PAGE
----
Inheriting money can be a mixed blessing, even for those on ODSP.
Your mother passes away and, to add to the grief and stress, you find out she left you $95,000 in an inheritance. If you are receiving benefits from the Ontario Disability Support Program, you know you are not allowed to have more than $40,000 in assets. With an inheritance close to $100,000 your ODSP is seriously jeopardized. Not only could you lose the monthly income support you have come to rely upon, but also the health benefits it provides as well.
There isn’t a week that goes by where I don’t receive calls from people dealing with this situation. They are thankful for the money, but not if it costs them their ODSP benefits. What is worse, many have been told by their ODSP caseworkers they will lose their ODSP until they spend all the inheritance money. The worst calls are the ones who find me after they spent all the money.
There are options. You might be able to put your inheritance into a Registered Disability Savings Plan (RDSP), that is if you qualify for an RDSP. If you do have an RDSP, you can contribute up to $200,000 into it over your lifetime. Only problem is you may not be able to touch the money without penalties for many years to come. It can be very easy to put money into an RDSP; taking it out is an entirely different story.
You also have the option of putting up to $100,000 from an inheritance or a life insurance policy into a trust. This can be a really good option, especially for people on ODSP who do not have the capacity to manage their own money. A trust allows a third party trustee to manage the assets in the trust on behalf of the beneficiary who may have a developmental or intellectual disability.
A trust is less attractive if you are able to manage your own money, because you have to involve a trustee when you really just want to manage it on your own. On top of that, you may not want to swallow the legal fees you will need to cover to have the trust set up in the first place.
A lesser known solution is opening a segregated fund account. Segregated funds are sold exclusively by insurance companies and, to make a long story short, people are allowed to have as much as $100,000 in segregated funds without affecting their ODSP eligibility. Not only will a segregated fund account protect your ODSP, it will also cost you far less to set it up than a trust and you can access the money at your discretion, unlike the RDSP.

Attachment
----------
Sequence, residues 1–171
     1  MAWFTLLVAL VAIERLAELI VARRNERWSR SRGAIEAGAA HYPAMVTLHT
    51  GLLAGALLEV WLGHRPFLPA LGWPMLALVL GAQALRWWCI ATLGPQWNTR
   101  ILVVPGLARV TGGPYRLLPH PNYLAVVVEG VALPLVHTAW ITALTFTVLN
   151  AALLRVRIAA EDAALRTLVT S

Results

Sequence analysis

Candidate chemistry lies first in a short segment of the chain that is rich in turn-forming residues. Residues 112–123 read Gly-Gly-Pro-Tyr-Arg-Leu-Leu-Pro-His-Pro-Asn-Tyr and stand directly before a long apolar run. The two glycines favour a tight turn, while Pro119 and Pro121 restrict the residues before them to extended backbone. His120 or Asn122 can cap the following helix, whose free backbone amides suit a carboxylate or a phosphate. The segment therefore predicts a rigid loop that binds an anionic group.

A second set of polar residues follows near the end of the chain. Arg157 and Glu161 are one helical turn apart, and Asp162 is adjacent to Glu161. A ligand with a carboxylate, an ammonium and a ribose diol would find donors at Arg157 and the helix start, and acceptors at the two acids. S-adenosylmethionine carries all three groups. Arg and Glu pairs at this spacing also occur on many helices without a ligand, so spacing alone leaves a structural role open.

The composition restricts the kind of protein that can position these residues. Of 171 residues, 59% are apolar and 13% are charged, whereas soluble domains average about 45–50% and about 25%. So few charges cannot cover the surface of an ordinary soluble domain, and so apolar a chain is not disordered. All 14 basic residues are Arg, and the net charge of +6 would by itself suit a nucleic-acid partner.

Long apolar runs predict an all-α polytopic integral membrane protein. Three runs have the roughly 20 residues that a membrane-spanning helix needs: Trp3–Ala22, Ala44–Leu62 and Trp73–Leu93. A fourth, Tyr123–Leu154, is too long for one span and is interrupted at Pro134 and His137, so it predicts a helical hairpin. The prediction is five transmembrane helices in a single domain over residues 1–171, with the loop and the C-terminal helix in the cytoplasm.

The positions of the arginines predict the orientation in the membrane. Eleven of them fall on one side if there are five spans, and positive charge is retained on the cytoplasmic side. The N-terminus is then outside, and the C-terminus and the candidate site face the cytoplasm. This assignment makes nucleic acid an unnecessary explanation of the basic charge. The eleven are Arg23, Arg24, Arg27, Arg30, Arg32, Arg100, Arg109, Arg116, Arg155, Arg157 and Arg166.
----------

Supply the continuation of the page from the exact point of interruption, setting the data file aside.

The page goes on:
Simply because you are on ODSP, does not mean you have to spend down an inheritance to maintain your benefits.
My grandfather left me $78,000 and I am on ODSP. I haven’t received the money yet, but I have been worried sick about losing my ODSP. My prescription drug costs are almost $800 a month. So without ODSP, I would have to cover that cost myself. I read your article and talked to my ODSP worker about it. He said he never heard of segregated funds. What am I supposed to believe?
Thanks for the comment, Kevin. Unfortunately, ODSP is a really complex program. So complex, you can’t realistically expect even your worker to understand it all. ODSP policy 4.8 clearly identifies segregated funds as an exempt asset. I have many clients on ODSP who, after depositing money into a segregated fund account with me, present their ODSP worker with a printed copy of policy 4.8. Once that is done, not one of my clients have lost their ODSP because of their segregated fund account.
My parents are nearing the end of their lives and I (daughter) have recently been given POA. I have 1 disabled sister who lives in a home that my parents own and maintain (not my parents principle residence). My sister is on ODSP due to intellectual disability. My parents ‘Will’ leaves this 2nd home to my sister along with money (~$300,000). My parents believe they are providing for my sister’s future. From what I have researched so far, this inheritance will only hurt my sister’s future and she will lose her ODSP and medical benefits because of inheritance. I believe I need my parents to change their Will so this does not happen and I can help my sister in future with my parents assets. Should I have the Will put monies into a Trust then with me as administrator? Thank you so much in advance.
I agree with your concerns. Inheriting the home in and of itself would not compromise her eligibility for ODSP as long as it remains her primary residence. However, since it is not your parents’ primary residence, I expect there could be a significant capital gains tax to be paid.
But the more pressing issue is the $300,000. If your sister receives this amount outright, in her name, it would render her ineligible for ODSP. Depending on several factors, there may be strategies to remedy this problem after the fact, but, in most cases, it is far better take advantage of estate planning strategies that help to safeguard her eligibility. A trust, specifically a Henson Trust, is worth considering. To answer your question, you really need to consult with a professional who has relevant estate planning experience and understands ODSP. At the very least, I think your parents should review their wills with the right professional.
Oh thank you so very much. I was unsure if this 2nd home was an exempt asset or not but knew the cash was a big issue re loss of her ODSP and benefits. And yes we will seek planning advice including the capital gain issue too. Again thank you for this service – it tells me which path to get on re my parents estate planning.
You’re most welcome. If you like, you can contact our office to discuss your family’s situation.